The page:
BUXTEHUDE Das jüngste Gericht • Ton Koopman, cond; Caroline Stam (sop); Olanda Velez Isidro (sop); Johannette Zomer (sop); Robin Blaze (alt, sop); Andreas Karasiak (ten); Klaus Mertens (bs); Amsterdam Baroque O & Ch • CHALLENGE 72241 (2 CDs: 136:55 &)
When I compiled a discography of the vocal works of Dieterich Buxtehude (1637–1707) over a decade ago, there was only one recording of this large work, a Musical Heritage Society set from DaRead more Camera first issued in 1965. Heinz Markus Göttsche brought it in under 97 minutes. Klaus Eichhorn conducted a recording for Ambitus a year or so ago, but that occupies only one CD. As its listing in the supplement of Georg Karstädt’s catalog indicates, the attribution of this work to the composer is dubious. The manuscript survives in the great Düben collection of his works, now in Uppsala, Sweden, but it bears no date or attribution, and the libretto falls short of the literary quality of Buxtehude’s best works (though a few other works known to be authentic are no better). The first recording used an edition by Willy Maxton, published by Bärenreiter (1939, 1953), which treated the surviving parts rather freely. Ton Koopman has made his own edition from the manuscript, just published by Carus Verlag. Koopman lists 83 numbers, 25 more than Maxton, accounting for the different lengths of the two recordings (I have not heard Eichhorn’s version, the shortest).
The Last Judgment is not an unusual subject for a Baroque oratorio. The setting is highly dramatic, especially in act I, where three soprano soloists take the parts of Avarice, Wantonness, and Pride, arguing against the chorus’s defense of virtuous living backed up by God’s own words from Scripture sung by the bass solo. In the other two acts, the solos are undefined and do not usually stand for the vices. The Scriptural passages are now assigned to various soloists, and a trio of countertenor, tenor, and bass is also used. The development of the argument is more diffuse than in act I, and the chorus is given several preexisting chorale texts. Act I can seem to be a different work.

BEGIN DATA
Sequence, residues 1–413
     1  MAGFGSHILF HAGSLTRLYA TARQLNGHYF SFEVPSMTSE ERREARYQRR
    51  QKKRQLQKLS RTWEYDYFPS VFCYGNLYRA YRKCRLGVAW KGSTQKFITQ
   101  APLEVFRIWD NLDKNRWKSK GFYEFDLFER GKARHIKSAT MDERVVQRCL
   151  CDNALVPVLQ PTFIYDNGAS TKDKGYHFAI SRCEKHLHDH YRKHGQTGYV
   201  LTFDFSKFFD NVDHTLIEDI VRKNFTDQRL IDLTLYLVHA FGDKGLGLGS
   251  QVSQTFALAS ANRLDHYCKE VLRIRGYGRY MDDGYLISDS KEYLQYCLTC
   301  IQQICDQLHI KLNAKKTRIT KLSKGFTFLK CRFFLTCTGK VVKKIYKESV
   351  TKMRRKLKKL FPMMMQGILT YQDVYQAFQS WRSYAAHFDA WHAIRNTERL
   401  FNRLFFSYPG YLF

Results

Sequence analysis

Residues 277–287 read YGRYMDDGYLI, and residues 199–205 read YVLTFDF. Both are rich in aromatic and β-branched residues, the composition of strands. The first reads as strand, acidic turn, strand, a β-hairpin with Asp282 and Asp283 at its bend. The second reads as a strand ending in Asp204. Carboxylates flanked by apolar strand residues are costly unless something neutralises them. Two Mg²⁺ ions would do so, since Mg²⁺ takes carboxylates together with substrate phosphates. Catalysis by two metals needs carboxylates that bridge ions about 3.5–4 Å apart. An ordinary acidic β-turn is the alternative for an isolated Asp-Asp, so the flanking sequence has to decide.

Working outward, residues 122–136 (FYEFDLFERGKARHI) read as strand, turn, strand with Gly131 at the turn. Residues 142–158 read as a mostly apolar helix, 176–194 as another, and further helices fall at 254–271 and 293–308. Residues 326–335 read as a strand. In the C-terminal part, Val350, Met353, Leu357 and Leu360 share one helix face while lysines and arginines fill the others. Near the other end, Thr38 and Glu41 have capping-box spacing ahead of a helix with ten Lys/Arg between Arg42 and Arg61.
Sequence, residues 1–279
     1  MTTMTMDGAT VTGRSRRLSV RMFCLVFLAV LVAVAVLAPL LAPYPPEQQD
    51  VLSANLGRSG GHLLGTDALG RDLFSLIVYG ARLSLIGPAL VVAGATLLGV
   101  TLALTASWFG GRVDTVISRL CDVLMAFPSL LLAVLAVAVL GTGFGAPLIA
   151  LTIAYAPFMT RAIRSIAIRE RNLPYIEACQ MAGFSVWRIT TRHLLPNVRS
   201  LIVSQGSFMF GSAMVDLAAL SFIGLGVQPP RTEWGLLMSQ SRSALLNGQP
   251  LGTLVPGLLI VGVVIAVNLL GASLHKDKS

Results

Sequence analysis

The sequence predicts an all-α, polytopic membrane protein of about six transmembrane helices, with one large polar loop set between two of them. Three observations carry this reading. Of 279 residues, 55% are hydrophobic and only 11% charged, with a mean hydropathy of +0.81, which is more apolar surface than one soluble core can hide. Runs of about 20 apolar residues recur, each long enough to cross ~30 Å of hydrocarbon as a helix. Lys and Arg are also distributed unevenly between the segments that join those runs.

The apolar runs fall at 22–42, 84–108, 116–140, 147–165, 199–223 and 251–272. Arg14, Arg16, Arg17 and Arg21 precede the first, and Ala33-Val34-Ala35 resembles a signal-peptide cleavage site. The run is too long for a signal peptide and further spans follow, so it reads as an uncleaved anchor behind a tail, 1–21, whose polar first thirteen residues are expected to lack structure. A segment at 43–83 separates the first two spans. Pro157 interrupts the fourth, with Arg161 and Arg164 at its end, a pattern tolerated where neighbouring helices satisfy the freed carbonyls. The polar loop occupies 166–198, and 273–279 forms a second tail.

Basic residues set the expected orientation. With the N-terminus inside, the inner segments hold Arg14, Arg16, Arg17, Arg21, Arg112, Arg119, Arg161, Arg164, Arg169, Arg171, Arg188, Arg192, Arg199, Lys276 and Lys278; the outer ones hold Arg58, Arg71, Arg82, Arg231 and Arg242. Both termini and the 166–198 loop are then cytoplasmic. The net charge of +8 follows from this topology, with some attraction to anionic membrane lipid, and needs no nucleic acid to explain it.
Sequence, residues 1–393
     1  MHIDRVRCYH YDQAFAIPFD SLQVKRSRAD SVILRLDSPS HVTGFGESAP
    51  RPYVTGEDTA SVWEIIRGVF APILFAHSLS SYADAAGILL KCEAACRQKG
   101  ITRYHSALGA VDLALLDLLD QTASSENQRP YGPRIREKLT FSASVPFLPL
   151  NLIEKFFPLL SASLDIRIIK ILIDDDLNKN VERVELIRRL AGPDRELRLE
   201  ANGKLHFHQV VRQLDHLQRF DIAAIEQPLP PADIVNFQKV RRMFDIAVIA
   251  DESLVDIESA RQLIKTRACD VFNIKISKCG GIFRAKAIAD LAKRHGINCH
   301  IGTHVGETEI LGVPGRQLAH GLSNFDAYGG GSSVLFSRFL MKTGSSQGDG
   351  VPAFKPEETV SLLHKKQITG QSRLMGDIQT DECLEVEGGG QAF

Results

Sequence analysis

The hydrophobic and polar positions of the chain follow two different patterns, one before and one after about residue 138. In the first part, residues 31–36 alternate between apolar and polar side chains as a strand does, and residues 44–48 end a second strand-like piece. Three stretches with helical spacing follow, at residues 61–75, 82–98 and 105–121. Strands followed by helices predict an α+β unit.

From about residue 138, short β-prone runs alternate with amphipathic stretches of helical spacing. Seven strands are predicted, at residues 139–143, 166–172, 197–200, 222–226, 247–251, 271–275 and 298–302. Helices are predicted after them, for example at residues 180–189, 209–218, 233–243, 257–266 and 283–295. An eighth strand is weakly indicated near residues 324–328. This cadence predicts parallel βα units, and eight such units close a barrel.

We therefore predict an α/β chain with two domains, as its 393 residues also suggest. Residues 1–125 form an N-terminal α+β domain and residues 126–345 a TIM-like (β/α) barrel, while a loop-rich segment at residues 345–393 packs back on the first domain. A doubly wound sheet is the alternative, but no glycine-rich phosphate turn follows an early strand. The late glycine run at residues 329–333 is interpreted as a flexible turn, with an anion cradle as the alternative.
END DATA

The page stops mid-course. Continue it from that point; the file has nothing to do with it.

Klaus Mertens is outstanding in the Scriptural passages assigned to God, accompanied to good effect by a regal (not so identified in the notes), but all the solo voices are excellent. (One soprano, Johannette Zomer, just made a disc of solo cantatas for this label under another conductor.) Koopman has no doubt about the authenticity of the work, though Christoph Wolff in a detailed note leaves the issue unsettled. As a rare surviving example of the kind of Abendmusiken Buxtehude presented during the Sundays of Advent in Lübeck, a practice that began under his predecessor, Franz Tunder, and continued to the end of the 18th century, the work is valuable, and its intrinsic worth is not to be minimized. Koopman has done yeoman work in restoring it and directing the performance. Following his playing of a two-disc set of harpsichord works, this continues Koopman’s new project of recording the complete works of the composer on 30 CDs. Since Koopman spent a decade on the complete cantatas of J. S. Bach, we can look forward to this series with considerable anticipation.
Das jüngste Gericht, BuxWV Anh 3 "Wacht! Euch zum Streit gefasset macht"by Dietrich Buxtehude Performer:
Caroline Stam (Soprano),
Orlanda Velez Isidro (Soprano),
Johannette Zomer (Soprano),
Robin Blaze (Countertenor),
Andreas Karasiak (Tenor),
Klaus Mertens (Bass)
Amsterdam Baroque Orchestra,
Amsterdam Baroque Choir
Period: Baroque Written: Germany
Average Customer Review: ( 1 Customer Review )
Remarkable ProjectJanuary 19, 2013By Clifford H C. (Thompson, MB)See All My Reviews"Buxtehude - Opera Omnia - Vocal Works - Ton Koopman - Amsterdam Baroque Orchestra & Choir - This is a monumental project by Ton Koopman and his performers. Recording all of Dietrich Buxtehude extant works. The performances are very accomplished and live up to Koopmans very high standards. Buxtehudes music runs the gamut from extreme joy to remarkable sorrow. Buxtehudes music is always inventive and it is wonderful to hear it brought back to life. You can see why a young Sebastian Bach would travel so far to hear his music."Report Abuse